Each of these thoughts will lead to more emotions and actions and I think we can agree that these are unlikely to be positive emotions and actions, and the cycle continues!
“What really frightens and dismays us is not external events themselves, but the way in which we think about them. It is not things that disturb us, but our interpretation of their significance”
- Epictetus – from the translation of The Art of Living by Sharon Lebell.
The good news is that when you interrupt this cycle you can start to put an end to the spiralling anxiety that you have been experiencing. Making a change at any point in the TEA Cycle can positively affect the outcome.
How can hypnotherapy help?
Hypnotherapy can be extremely effective in enabling you to put an end to spiralling anxiety as it can address the deep-rooted, underlying causes of anxious thoughts and anxiety and teaches effective strategies on an individual basis that you can start to use straight away. In many cases, people who seek the help of a hypnotherapist are able to address their issues quite quickly and learn skills for life, enabling them to effectively deal with every day-stress and periods of anxiety themselves in the future.
It is possible to make positive changes with these self-help strategies too:
- Start to recognise when you are experiencing “spiralling anxiety” or anxious thoughts. Once you recognise this is happening it becomes easier to deal with them.
- Practice identifying your thoughts, emotions and actions individually. When we are caught up in anxiety it can feel overwhelming. Working out and recognising what thoughts you are experiencing, which emotions you are feeling and the actions you are taking (or the behaviour you are displaying) can help you to start to “unpick” and to address the causes of the anxiety you feel.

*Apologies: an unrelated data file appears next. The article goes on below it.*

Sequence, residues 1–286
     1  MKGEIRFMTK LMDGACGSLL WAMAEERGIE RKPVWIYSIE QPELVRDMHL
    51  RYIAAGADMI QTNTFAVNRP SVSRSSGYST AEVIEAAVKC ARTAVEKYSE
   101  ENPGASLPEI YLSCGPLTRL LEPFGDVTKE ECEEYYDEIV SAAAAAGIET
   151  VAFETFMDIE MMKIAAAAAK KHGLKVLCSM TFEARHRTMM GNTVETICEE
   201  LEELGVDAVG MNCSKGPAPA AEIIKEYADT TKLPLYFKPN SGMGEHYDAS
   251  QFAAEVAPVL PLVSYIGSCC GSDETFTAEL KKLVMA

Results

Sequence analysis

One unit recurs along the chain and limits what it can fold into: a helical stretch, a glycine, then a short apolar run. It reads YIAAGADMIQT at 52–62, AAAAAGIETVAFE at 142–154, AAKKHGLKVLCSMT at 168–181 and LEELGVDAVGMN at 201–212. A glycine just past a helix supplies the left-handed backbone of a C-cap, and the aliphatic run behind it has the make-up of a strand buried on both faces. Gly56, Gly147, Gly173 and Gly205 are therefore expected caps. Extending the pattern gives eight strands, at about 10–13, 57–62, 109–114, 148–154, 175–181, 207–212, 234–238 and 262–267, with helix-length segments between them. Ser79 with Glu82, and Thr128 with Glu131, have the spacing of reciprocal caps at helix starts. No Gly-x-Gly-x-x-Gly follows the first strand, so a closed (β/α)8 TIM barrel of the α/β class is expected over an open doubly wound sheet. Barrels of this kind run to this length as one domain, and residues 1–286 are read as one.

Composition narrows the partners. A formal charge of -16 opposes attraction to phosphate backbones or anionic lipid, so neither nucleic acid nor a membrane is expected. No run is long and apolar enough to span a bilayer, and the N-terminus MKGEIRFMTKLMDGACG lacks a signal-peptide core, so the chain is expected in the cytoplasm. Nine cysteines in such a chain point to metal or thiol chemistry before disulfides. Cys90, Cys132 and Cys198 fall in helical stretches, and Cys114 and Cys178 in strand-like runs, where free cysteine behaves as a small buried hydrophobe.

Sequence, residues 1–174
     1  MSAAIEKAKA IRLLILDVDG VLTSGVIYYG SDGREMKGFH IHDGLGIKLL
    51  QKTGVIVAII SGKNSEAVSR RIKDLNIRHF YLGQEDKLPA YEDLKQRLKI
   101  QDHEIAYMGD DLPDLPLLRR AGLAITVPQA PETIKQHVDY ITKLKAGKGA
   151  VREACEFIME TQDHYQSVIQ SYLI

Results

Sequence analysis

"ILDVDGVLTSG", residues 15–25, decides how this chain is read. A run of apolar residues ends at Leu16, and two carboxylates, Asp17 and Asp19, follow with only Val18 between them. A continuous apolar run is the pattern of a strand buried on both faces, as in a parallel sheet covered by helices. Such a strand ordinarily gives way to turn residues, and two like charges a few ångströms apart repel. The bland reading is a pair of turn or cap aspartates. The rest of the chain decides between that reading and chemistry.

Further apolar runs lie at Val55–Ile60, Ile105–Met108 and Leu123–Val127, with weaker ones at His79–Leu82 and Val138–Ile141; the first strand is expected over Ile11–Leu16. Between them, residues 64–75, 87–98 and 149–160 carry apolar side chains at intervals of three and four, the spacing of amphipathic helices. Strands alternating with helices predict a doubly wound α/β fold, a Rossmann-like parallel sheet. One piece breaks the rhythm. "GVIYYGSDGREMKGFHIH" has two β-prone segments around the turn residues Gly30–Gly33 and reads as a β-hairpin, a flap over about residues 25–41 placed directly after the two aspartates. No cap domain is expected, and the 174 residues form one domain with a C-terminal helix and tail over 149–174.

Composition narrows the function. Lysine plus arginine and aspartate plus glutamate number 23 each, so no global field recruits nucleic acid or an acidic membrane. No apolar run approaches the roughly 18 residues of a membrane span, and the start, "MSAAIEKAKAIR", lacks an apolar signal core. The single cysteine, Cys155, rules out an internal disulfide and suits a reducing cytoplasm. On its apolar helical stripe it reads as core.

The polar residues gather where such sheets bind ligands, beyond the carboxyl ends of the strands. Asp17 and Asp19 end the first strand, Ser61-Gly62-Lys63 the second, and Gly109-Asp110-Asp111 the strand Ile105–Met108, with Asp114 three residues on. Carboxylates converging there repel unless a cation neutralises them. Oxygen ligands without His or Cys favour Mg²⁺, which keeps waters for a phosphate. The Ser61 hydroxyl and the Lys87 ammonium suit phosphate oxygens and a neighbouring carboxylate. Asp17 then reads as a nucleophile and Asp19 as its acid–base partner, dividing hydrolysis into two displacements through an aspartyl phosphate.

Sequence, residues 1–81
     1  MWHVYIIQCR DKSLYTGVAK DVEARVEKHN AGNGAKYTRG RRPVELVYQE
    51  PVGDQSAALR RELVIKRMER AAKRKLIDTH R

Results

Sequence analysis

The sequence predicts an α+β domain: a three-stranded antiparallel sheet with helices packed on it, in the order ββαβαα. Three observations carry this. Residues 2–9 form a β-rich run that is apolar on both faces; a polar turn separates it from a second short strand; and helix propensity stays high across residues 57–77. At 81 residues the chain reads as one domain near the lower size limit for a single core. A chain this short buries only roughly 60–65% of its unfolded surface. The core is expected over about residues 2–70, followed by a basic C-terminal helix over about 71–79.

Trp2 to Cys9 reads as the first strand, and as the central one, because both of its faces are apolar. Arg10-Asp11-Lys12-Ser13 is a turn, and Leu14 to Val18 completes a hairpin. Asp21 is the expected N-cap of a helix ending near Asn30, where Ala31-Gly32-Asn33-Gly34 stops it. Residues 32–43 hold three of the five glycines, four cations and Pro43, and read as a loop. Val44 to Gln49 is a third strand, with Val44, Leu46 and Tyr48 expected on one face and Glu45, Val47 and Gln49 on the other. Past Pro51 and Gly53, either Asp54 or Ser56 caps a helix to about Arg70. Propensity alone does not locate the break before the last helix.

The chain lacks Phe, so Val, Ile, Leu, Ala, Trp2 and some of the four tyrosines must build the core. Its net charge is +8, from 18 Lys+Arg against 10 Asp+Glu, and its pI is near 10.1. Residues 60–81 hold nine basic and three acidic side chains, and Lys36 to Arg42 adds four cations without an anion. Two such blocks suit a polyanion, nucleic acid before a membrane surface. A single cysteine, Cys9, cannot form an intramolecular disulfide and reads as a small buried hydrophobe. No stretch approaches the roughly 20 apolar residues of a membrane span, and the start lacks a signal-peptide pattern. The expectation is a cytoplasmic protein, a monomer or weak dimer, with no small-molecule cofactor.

- Start to ask yourself questions about your anxiety-provoking thoughts such as – “How important is this to ME? Does this really matter? How important will this be to me in a month?” How likely is it that this will happen? What evidence do I have to say that this will happen? If it does happen will it really be as awful as I think?” “Can I find a practical solution to this? Or do I need to accept that this is something I can’t control and I need to let it go?”
- Learn how to “re-set” your mind through controlled breathing. When you notice an anxious thought or a feeling of anxiety, breathe out fully then take a long, slow breath in, counting as you do so. Next, breathe out slowly ensuring that this out-breath is longer than your in-breath was. Continue until you feel calmer. Doing this will interrupt the anxiety cycle and will enable you to start to calmly and logically address whatever it is you’re facing.
- Remind yourself that thoughts aren’t fact! Just because you think something in your mind, it doesn’t make it true. You may think that someone has fallen out with you because they didn’t acknowledge you in the corridor at work. However, the truth may be that they were just called into the manager’s office and they didn’t notice you because their mind was full of worry, wondering what they did wrong!
- Change the action first! Sometimes it’s easier to change the action or behaviour first. An example of this could be Tom who feels intimidated by the security guard in his local supermarket. The likelihood is that the security guard is bored or likes people watching, or is a little suspicious of Tom because he always looks nervous as he enters the shop!! Tom is convinced that the guard thinks he’s suspicious as they seem to stare whenever Tom enters the shop, leading to feelings of anxiety when he’s shopping. Tom could choose to greet the security guard with a simple “Hello” when entering the shop next time! The chances are that the security guard would reply and Tom would feel more at ease!
“Change your thoughts and you change your world”
– Norman Vincent Peale